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More than plugs: Unpacking Indonesia’s future of green mobility infrastructure

Written by AC Ventures Published on   6 mins read

Indonesia, being the most populous country in Southeast Asia, carries both a great responsibility and significant growth potential in the realm of green mobility.

The following op-ed was contributed by Kenneth Darmansjah. Darmansjah is the co-founder and CEO of Soul Parking, an AC Ventures-backed startup specializing in motorcycle parking and electric vehicle charging solutions. Its mission is to improve urban mobility using technology and sustainable offline infrastructure, and adopting a customer-centric approach.

Indonesia’s ambitious energy transition goals are set to transform the most populous country in Southeast Asia, as stakeholders from the public and private sectors recognize the environmental challenges the nation faces.

Currently, Indonesia’s transport sector is responsible for 15% of the country’s greenhouse gas emissions, where about half are contributed by road passenger transport, comprising primarily cars and motorcycles. There are currently more than 120 million motorcycles on the streets of Indonesia. This is largely due to rapid urbanization rates across the country, which will only increase as the nation continues to develop.

With this in mind, the decarbonization of this industry is a crucial factor in driving Indonesia toward the fulfillment of its 2060 net zero goal. A strong foundation to foster a transition to electric vehicles is already underway, as the government has begun to offer incentives for both consumers and businesses, as well as other forms of regulatory support, to push things forward.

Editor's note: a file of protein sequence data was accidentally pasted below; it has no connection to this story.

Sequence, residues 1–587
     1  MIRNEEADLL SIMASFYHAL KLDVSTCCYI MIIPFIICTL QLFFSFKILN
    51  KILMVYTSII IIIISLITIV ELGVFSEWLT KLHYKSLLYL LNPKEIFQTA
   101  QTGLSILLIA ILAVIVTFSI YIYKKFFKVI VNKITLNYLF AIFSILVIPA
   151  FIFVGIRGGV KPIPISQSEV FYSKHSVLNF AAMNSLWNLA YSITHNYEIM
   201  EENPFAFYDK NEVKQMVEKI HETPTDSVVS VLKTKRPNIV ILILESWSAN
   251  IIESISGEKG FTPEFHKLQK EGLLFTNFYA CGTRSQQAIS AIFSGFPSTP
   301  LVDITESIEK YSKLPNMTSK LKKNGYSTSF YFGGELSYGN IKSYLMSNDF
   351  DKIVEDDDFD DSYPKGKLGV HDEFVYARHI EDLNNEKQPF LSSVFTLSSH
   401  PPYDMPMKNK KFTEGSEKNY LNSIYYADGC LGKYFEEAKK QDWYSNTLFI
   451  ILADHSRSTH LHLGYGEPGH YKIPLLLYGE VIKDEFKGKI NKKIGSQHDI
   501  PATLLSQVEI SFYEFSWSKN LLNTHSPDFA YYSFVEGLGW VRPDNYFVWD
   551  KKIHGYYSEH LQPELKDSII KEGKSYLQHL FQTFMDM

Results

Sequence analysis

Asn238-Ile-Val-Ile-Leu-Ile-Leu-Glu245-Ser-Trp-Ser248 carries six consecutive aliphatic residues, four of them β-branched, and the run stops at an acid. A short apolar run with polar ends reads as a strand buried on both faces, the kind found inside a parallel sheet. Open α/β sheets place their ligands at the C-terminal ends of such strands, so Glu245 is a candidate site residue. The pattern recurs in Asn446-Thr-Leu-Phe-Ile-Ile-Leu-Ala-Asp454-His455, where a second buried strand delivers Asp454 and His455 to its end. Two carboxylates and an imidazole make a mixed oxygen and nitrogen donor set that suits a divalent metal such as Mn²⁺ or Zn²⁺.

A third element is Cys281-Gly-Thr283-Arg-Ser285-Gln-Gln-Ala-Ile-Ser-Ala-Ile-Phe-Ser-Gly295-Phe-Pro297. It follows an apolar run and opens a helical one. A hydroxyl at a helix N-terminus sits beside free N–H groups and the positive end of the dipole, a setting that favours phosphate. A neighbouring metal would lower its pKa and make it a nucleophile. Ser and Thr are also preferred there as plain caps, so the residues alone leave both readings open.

For instance, the Indonesian government plans to allocate IDR 7 trillion (USD 459 million) to support the sale of 800,000 new electric motorcycles and the conversion of 200,000 combustion engine motorcycles by 2024, albeit with plenty of work still to be done in terms of conversion. On the business side, Indonesia has extended the deadline for automakers to qualify for EV incentives by another two years—this relaxed investment rule requires automakers to produce at least 40% of EV components in the country to enjoy a plate of tax incentives.

However, fleet electrification and EV manufacturing represent only parts of the green mobility value chain. Another equally important component is the infrastructure needed to sustain the use of EVs on the road. In relation, the ease of accessibility to a robust charging infrastructure network will play a critical role.

For now, there are 439 general charging stations and 961 battery swap stations available for EVs in Indonesia, though these figures are expected to increase as the EV changeover continues nationwide. To scale alongside EV adoption, PLN, the nation’s sole electricity provider, has already set a target to establish 6,316 general charging stations and 14,000 battery swap stations by 2025.